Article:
One way to invest in global growth is through world equity funds. Managers of these funds have the difficult task of not only selecting countries where they think best investment opportunities lie, but also seek to choose attractive stocks in those markets. This area has attracted many talented managers, and has produced several interesting choices, one among them being the Polaris Global Value Fund. This multi-cap value fund with global ambitions has a great pedigree. Managed by Bernard Horn since its inception in 1998, Polaris Global Value has outperformed its benchmark, the MSCI World Index, in every calendar year through 2006, except 1999.
APRIL 2007: EQUITY FUND OUTLOOK
Newly Added Funds
The Fund manager from the Polaris Global Value Fund has developed a selection process over the Fund’s 18 years that seeks firms that are undervalued with respect to their cash flow. The process excluded technology firms for several years, but included lots of business and consumer services firms. The Polaris Fund manager goes wherever his process leads, so the country allocations may not resemble those of the indexes. The Polaris Fund manager has found more opportunities abroad in the last year; only a third of the Polaris Global Value Fund is currently invested domestically.
FEB. 2007: WEALTH MANAGER
Foreign Bazaars – Foreign Value Gets Exciting Returns From Dull Companies
Portfolio Manager Bernard Horn screens for companies with low prices and strong cash flows. Many of the holdings grow at modest rates, but they are in unglamorous industries that rarely skyrocket into the headlines.
FEB. 2007: SMARTMONEY
The 35 Best Mutual Funds
Before the Polaris Global Value Fund investment team leaves the office, they use technical screens to winnow the field. Then they “kick the tires”, traveling to the far reaches of the earth to uncover good investments. Fund management is looking for the 75 most undervalued companies, regardless of size, country or sector. As of December 31, 2006, 33% of the portfolio was invested in U.S. stocks — slightly below the weight in the global market.

The team looks for high free cash flow, good management and strong financials. Lately, Japanese companies have looked attractive, and the team has invested 13% of the Fund in companies that primarily serve Japan’s domestic market, including a dairy, a brewery and a regional railroad. Returns, meanwhile, have been strong, comparing very well among global funds. Historically low turnover has minimized tax consequences.

JAN. 2007: MARKETWATCH
Bernard Horn Jr. Is Marketwatch’s Mutual Fund Manager of the Year
Mr. Horn has shown historically how wordly investors may profit in both developed and emerging stock markets without shouldering excessive risk. To potentially achieve strong risk-adjusted returns, Polaris identifies countries and industries from the most undervalued to the least attractive.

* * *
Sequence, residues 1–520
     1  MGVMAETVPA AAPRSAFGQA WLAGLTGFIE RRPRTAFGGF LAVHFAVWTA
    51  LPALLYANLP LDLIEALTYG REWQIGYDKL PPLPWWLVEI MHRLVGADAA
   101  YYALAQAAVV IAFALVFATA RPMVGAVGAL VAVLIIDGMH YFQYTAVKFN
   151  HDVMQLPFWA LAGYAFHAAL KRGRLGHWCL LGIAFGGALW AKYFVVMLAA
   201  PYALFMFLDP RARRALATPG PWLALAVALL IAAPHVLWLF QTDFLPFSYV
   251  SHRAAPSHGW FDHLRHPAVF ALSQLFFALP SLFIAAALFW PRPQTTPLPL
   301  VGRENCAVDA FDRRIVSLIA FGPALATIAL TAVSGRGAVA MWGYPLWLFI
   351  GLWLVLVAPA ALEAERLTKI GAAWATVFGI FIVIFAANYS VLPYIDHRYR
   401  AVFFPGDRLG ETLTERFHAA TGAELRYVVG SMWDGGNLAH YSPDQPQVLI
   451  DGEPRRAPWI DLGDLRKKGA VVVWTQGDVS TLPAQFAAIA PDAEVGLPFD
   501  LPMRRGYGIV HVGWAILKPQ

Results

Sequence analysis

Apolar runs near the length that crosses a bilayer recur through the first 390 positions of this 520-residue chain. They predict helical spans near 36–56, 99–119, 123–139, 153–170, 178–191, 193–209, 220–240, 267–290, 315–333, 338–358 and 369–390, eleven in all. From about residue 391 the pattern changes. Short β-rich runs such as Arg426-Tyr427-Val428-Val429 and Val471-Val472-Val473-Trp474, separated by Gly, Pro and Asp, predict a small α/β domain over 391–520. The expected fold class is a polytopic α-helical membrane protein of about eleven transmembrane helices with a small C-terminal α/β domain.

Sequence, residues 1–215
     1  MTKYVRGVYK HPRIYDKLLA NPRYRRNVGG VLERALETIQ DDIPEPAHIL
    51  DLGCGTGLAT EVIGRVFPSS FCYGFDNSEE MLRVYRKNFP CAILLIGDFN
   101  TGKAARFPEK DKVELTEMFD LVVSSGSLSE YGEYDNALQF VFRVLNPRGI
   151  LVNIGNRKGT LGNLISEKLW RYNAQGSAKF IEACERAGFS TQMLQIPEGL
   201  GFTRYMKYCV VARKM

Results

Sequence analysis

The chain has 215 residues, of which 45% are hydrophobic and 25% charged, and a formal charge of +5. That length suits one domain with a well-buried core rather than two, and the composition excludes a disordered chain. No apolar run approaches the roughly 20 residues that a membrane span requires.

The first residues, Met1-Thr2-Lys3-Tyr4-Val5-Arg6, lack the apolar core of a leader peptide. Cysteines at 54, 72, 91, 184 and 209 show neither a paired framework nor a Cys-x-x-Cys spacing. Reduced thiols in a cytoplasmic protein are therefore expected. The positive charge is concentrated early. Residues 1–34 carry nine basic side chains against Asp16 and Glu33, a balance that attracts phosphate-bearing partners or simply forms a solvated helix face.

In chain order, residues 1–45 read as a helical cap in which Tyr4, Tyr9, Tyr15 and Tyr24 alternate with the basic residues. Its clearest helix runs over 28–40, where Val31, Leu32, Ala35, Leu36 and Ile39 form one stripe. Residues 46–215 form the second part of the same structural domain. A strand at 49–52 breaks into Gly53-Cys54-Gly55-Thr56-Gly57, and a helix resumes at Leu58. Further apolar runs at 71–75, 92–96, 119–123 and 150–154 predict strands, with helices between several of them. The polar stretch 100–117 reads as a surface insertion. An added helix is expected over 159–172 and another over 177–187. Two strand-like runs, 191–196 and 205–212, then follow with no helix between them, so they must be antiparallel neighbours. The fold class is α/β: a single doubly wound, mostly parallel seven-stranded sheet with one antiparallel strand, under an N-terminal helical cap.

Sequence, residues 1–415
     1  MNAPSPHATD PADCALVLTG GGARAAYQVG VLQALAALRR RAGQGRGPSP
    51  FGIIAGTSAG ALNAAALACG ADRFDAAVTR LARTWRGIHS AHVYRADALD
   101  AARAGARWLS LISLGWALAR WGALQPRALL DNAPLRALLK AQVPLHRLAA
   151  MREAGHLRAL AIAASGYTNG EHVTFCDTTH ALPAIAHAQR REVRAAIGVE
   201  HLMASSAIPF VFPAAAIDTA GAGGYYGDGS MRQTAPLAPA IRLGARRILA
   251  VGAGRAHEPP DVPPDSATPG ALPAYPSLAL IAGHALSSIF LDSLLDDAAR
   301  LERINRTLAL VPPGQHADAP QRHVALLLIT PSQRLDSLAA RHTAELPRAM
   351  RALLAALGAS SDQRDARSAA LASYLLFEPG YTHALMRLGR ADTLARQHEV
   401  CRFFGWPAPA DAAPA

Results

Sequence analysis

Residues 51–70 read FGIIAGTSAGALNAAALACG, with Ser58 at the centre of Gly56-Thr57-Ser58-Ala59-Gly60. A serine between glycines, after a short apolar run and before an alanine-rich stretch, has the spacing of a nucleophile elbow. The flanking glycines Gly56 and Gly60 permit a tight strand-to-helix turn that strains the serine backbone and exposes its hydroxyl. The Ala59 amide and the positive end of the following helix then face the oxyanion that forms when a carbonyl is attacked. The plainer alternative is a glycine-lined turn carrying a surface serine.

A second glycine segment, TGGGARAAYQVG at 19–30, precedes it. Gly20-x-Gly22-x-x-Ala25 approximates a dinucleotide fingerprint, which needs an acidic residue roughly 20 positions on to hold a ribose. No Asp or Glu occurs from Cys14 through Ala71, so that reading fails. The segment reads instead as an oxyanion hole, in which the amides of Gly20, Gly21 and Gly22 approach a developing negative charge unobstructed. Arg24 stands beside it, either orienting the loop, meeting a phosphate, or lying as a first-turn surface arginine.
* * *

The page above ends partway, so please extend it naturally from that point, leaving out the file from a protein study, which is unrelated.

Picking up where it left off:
Rigorous tire-kicking (methodical stock picking) partially led to Mr. Horn’s recognition in Marketwatch. He passed a touch test in which about 2300 U.S., global and international stock-fund managers were assessed on the performance, expenses and tax efficiency of portfolios. Ironically, the Polaris portfolio has excelled by investing in stocks that haven’t met others’ expectations.

The views in this material are intended to assist readers in understanding certain investment methodologies and do not constitute investment or tax advice. The views in these article excerpts and audios/videos were those of the Fund manager as of each article’s publication date and may be subject to change. Numerous article excerpts and audios/videos reference individual securities that may or may not currently be held by the Fund. CLICK HERE to view a recent listing of the Fund’s top 10 holdings. Polaris Capital Management, LLC oversees $10.4 billion as of 09/30/17.

On June 1, 1998, a limited partnership managed by the adviser reorganized into the Fund. The predecessor limited partnership maintained an investment objective and investment policies that were, in all material respects, equivalent to those of the Fund. The Fund’s performance for the periods before June 1, 1998 is that of the limited partnership and includes the expenses of the limited partnership. If the limited partnership’s performance had been readjusted to reflect the first year expenses of the Fund, the Fund’s performance for all the periods would have been lower. The limited partnership was not registered under the Investment Company Act of 1940 (“1940 Act”) and was not subject to certain investment limitations, diversification requirements, and other restrictions imposed by the 1940 Act and the Internal Revenue Code, which, if applicable, may have adversely affected its performance.